London always seems to yield plenty of the G Wagen, and this trip was no exception with plenty of them, including the latest generation model, and mostly in top-dog AMG spec in evidence.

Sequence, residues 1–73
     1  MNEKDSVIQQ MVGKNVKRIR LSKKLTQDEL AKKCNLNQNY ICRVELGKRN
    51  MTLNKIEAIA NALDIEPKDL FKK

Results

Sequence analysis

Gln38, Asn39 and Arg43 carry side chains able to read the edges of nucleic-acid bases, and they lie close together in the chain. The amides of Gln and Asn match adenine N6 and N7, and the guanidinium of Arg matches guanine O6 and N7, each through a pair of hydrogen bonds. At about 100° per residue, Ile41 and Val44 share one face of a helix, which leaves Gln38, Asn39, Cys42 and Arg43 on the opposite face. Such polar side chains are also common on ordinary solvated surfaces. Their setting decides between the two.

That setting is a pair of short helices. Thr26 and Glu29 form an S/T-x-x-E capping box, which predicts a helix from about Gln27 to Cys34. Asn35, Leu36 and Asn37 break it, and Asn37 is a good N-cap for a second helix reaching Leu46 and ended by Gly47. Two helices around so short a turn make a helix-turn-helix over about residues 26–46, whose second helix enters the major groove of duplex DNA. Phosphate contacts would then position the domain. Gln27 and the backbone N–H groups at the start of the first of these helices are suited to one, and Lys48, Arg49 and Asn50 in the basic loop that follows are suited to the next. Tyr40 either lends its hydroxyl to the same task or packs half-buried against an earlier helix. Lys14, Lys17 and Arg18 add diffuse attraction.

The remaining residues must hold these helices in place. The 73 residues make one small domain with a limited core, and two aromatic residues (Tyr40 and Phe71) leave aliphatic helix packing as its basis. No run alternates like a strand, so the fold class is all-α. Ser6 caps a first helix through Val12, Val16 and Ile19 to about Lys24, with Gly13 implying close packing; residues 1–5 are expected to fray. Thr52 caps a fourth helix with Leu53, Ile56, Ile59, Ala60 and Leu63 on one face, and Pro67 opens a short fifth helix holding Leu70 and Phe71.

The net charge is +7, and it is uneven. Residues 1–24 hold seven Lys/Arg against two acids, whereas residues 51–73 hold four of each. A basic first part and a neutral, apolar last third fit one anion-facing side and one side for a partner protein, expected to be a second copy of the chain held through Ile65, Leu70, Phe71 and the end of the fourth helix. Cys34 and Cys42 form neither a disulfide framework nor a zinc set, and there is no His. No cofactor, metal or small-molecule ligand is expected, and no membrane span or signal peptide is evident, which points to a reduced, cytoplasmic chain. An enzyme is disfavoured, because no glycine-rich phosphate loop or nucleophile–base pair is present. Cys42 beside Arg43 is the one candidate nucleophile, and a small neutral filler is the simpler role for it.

Now quite collectible are early versions of the G Wagen. The G-class was developed as a military vehicle from a suggestion by the Shah of Iran (at the time a significant Mercedes shareholder) to Mercedes and offered as a civilian version in 1979. In this role it is sometimes referred to as the “Wolf”. The Peugeot P4 was a variant made under licence in France with a Peugeot engine. The first military in the world to use it was the Argentine Army (Ejército Argentino) beginning in 1981 with the military model 461. The development of the G-Class started in 1972 with a cooperative agreement between Daimler-Benz and Steyr-Daimler-Puch in Graz, Austria. Mercedes-Benz engineers in Stuttgart were in charge of design and testing, while the team in Graz developed the production plans. The first wooden model was presented to Daimler-Benz management in 1973, with the first drivable prototype beginning various testing including German coalfields, the Sahara Desert, and the Arctic Circle in 1974. Construction commenced on a new production facility in Graz, where the new cross-country vehicle would be assembled nearly entirely by hand in 1975, with production of the “G Model” beginning in Graz in 1979. In 1980, the Vatican took delivery of a specially made G-Wagen outfitted with a clear thermoplastic top which served as the Popemobile. The “Papa G” later took up permanent residence at the Mercedes-Benz Museum in Stuttgart, Germany. W460 was introduced at a press event held at the off-road proving ground in Toulon, France. W460 went on sale in September 1979 with three engine choices and five body variants. Over the decade, the engine and transmission choices were expanded or updated along with more and more optional extra cost creature comforts (air conditioning, automatic transmission, power windows, etc.). G-Wagen gained the global fame in 1980 when Mercedes-Benz built a Popemobile based on 230 G cabriolet during the first visit of Pope John Paul II in Germany. Mercedes-Benz never exported G-Wagen officially to the United States because it was considered more of utilitarian vehicle and didn’t fit the American perception of what Mercedes-Benz was. During the 1980s, the grey import specialists brought W460 to the United States and modified them to meet the US regulations. In 1988, the new federal law, Motor Vehicle Safety Compliance Act, closed the loopholes and tightened up the regulations for grey imports, making it more difficult and more expensive for the registered importers to federalise W460 in a very small number. The other issue was severely underpowered engines in 230 GE, 280 GE, and 300 GD might not appeal to the Americans as it was the case with Mercedes-Benz 380 SEL in the early 1980s. 200 GE was built specifically for Italian markets and other markets where the heavy tax penalty was incurred for engines larger than 2 litres. 300 GD was the most popular model while 280 GE the most powerful. Despite the availability of turbocharged diesel engine in other Mercedes-Benz vehicles, it was never fitted to G-Wagen W460. The rarest W460 variants were 230 GE 2.6 Brabus (1989–?), 280 GE AMG (specific years not given), and 560 GE (1993). Brabus increased the engine displacement of 2.3-litre four-cylinder inline engine to 2.6 litres, increasing the power to 153 bhp. AMG modified the 2.8-litre six-cylinder inline petrol engine for more power, 180 bhp. No further production information about price and number of units built were established. Only two units of 560 GE were built in 1993 as part of feasibility study that resulted in a limited series of W463 500 GE for 1993–1994 and W463 G 500 from 1998 on. The first major refinements were introduced in 1981, including an automatic transmission, air conditioning, an auxiliary fuel tank, protective headlamp grilles and a cable winch. Fuel injection became available in 1982, when the 230 GE was introduced in Turin, along with more comfortable and supportive front seats, auxiliary heating, wider tires and fender flares. For 1985, differential locks, central door locking and a tachometer became standard and by 1986 over 50,000 G Models had been produced. The G-Wagen was facelifted in 1990. In 1989, for the 10th anniversary of the G Model, a new model variant with permanent 4-wheel drive, a wood-trimmed interior and optional Anti-lock Braking System (ABS) debuted at the Frankfurt International Motor Show. Production began the following April. For 1992, a new sub-series for professional users began production. The civilian model began to offer cruise control, a stainless-steel spare-tire cover, running boards and Burl Walnut wood interior trim. The same year, the 100,000th G Model was built in Graz. In 1994, the model line was officially renamed the G-Class. Ventilated front disc brakes and a driver’s air bag became standard. In 1996 the automatic transmission became an electronically controlled 5-speed unit. Headlamp washers, cruise control and a front passenger’s air bag were added. In 1998, the range-topping G 500 with a 296 hp V 8 was introduced for series production. For 1999 a limited run of V 8 powered “G 500 Classic” special editions marked the model’s 20th anniversary. A multifunction steering wheel was added to all models. Later in the year, the new G 55 AMG debuts as the most powerful G-Class yet, with 354 hp. The U.S. market launch of the G-Class took place in 2001. New alloy wheels, a chrome grille and body-colour bumpers plus a more luxurious cabin were introduced. New dynamic control systems included the Electronic Stability Program (ESP), Brake Assist and the 4 wheel Electronic Traction System (4 ETS). The G 55 AMG was upgraded in 2004 with a supercharged V 8 engine developing 476 hp. In Siberia in 2006, a documentary filmmaker was the first foreigner to reach the world’s coldest region with a passenger vehicle in winter, driving a stock G 500 nearly 19,000 km without a single breakdown, in temperatures as frigid as −63˚F/-53 °C. A new version was expected for 2007, but the new GL-Class did not replace the G-Wagen, and it will continue to be hand-built in Graz, Austria at an annual production of 4,000 to 6,000 units. In February 2009, Magna Steyr, an operating unit of Magna International, announced that it signed an agreement with Daimler AG to extend the production of the Mercedes-Benz G-Class at Magna Steyr in Graz, Austria until 2015. Besides the production, the further development of the G-Class by Daimler’s subsidiary Mercedes-Benz Consult Graz since 1992. There were further changes, taking the G Wagen ever further up-market until production finally ceased in 2017 when a brand new version was unveiled.